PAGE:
Clinical trials often have a serious drawback– People who are given drugs in them are selected very strictly. Most clinical trials, for example, do not allow pregnant women. And most have age requirements. Also, most do not allow people with conditions other than those being tested.
This filtering process reduces the available pool of potential volunteers and also unnecessarily excludes many people who may benefit from therapy. Artificial intelligence could change this sieve.
A team of researchers at Stanford University, working with the biotechnology corporation Genentech, has developed an artificial intelligence-based system that can safely aggregate clinical trial participants who may have previously been excluded.
The new system, called Trial Pathfinder, compares the survival results of clinical trial participants included in a large database.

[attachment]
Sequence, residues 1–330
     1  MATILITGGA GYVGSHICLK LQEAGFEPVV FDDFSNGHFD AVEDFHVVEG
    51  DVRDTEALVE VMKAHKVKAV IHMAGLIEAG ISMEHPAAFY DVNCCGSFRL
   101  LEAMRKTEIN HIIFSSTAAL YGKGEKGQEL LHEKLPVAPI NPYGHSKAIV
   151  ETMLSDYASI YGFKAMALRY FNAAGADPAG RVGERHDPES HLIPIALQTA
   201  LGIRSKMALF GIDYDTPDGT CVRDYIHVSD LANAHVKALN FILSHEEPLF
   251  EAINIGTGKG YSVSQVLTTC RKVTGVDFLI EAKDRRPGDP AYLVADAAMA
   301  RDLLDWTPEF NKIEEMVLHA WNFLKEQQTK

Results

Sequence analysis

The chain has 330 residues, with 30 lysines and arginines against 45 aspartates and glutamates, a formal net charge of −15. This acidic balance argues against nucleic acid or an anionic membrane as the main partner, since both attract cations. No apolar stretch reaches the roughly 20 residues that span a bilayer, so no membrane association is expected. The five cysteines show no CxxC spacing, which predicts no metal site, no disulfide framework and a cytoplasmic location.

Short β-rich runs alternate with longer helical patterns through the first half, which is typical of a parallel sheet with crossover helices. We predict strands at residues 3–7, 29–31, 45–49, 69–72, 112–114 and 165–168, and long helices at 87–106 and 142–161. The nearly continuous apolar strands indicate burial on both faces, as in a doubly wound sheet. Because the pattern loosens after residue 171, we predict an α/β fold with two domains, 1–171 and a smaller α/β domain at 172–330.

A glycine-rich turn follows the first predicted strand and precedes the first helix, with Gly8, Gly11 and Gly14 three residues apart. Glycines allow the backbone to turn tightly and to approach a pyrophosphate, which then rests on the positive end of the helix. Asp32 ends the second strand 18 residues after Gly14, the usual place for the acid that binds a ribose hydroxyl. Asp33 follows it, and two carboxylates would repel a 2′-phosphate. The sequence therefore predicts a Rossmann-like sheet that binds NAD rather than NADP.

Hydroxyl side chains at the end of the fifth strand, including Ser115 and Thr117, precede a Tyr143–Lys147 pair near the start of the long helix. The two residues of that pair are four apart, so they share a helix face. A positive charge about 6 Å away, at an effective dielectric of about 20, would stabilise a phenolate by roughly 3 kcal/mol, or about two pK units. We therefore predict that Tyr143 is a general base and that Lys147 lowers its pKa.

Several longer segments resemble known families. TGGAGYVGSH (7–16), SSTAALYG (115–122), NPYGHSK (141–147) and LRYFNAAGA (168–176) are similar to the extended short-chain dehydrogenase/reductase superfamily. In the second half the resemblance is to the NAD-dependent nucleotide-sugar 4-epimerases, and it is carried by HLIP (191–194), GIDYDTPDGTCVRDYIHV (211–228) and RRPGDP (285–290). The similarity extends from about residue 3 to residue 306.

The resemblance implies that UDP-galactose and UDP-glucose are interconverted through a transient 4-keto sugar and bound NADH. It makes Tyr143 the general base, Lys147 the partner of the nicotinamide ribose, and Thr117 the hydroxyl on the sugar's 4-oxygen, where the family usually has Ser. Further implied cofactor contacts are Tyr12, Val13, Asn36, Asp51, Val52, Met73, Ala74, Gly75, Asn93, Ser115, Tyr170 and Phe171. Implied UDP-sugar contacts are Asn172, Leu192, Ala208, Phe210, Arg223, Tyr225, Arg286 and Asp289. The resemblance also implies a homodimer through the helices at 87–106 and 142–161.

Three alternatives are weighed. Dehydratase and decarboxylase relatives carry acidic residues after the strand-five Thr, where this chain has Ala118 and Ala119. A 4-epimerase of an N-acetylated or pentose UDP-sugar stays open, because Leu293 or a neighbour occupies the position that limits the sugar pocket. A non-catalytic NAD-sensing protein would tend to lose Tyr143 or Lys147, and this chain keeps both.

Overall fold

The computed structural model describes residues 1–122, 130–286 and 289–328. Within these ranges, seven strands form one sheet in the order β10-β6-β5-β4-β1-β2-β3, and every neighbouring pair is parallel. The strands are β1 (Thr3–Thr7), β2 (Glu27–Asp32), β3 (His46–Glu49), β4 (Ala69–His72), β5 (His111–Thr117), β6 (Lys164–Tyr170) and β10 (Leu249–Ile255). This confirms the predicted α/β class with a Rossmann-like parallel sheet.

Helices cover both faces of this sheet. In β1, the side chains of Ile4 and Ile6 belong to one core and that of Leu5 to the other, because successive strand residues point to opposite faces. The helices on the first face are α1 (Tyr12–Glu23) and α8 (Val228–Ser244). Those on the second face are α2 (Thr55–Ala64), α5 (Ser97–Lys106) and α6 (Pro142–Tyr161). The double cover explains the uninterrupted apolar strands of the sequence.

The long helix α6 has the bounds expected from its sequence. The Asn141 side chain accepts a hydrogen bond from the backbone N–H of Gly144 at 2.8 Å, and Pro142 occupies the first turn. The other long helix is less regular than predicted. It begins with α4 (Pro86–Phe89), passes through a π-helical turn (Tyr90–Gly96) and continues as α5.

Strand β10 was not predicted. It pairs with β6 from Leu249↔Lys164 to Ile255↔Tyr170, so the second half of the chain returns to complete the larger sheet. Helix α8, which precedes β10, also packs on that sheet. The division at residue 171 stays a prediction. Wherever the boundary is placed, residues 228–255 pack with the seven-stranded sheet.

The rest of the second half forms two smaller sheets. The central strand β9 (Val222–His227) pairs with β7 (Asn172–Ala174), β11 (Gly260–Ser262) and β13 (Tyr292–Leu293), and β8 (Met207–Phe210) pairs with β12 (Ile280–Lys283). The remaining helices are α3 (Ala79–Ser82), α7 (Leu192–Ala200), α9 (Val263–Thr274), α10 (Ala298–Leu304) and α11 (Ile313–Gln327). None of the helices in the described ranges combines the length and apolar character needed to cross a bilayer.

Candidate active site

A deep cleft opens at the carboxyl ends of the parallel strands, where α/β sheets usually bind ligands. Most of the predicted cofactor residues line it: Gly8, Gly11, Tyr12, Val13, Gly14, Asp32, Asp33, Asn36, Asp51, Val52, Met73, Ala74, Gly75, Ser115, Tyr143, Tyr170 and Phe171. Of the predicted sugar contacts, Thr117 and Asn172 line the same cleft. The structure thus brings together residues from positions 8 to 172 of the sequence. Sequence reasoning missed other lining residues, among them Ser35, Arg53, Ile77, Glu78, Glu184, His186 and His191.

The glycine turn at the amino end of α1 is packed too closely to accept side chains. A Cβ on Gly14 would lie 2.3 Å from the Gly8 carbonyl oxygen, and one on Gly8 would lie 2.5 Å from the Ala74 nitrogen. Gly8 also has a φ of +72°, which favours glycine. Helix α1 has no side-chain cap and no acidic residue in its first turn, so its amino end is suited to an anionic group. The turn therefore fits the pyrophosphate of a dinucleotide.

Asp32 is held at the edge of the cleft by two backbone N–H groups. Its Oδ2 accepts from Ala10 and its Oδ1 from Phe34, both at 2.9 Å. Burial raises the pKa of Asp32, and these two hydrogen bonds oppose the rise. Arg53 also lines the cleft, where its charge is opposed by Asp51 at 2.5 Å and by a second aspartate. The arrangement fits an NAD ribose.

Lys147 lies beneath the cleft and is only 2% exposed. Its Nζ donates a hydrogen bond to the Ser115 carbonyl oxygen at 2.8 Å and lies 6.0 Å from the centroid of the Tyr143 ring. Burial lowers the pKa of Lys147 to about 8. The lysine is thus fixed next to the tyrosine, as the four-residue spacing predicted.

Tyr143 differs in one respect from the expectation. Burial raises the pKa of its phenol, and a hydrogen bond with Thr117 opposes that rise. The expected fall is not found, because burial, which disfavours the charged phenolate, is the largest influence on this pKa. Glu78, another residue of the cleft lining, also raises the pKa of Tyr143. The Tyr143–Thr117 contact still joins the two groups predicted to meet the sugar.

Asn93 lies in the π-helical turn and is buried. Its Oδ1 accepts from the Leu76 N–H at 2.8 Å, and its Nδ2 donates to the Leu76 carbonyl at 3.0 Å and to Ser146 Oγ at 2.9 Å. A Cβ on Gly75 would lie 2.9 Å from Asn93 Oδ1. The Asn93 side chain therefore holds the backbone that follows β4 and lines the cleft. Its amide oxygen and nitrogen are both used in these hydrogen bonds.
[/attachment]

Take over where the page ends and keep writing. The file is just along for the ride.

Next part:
As the system analyzes the data, it learns more about which patients are more or less likely to experience problems in a clinical trial of a new drug, based on various factors, such as age, weight, whether they are pregnant, and their history. doctor. The system can then be used to emulate a clinical trial with the inclusion of people who would have previously leaked. Finally, researchers can use the information from the system when setting the criteria for their real-world clinical trial.
Testing with real-world data on specific applications, such as certain types of cancers, showed that it is capable of increasing the allowed populations of volunteers in such drug trials by approximately 53%.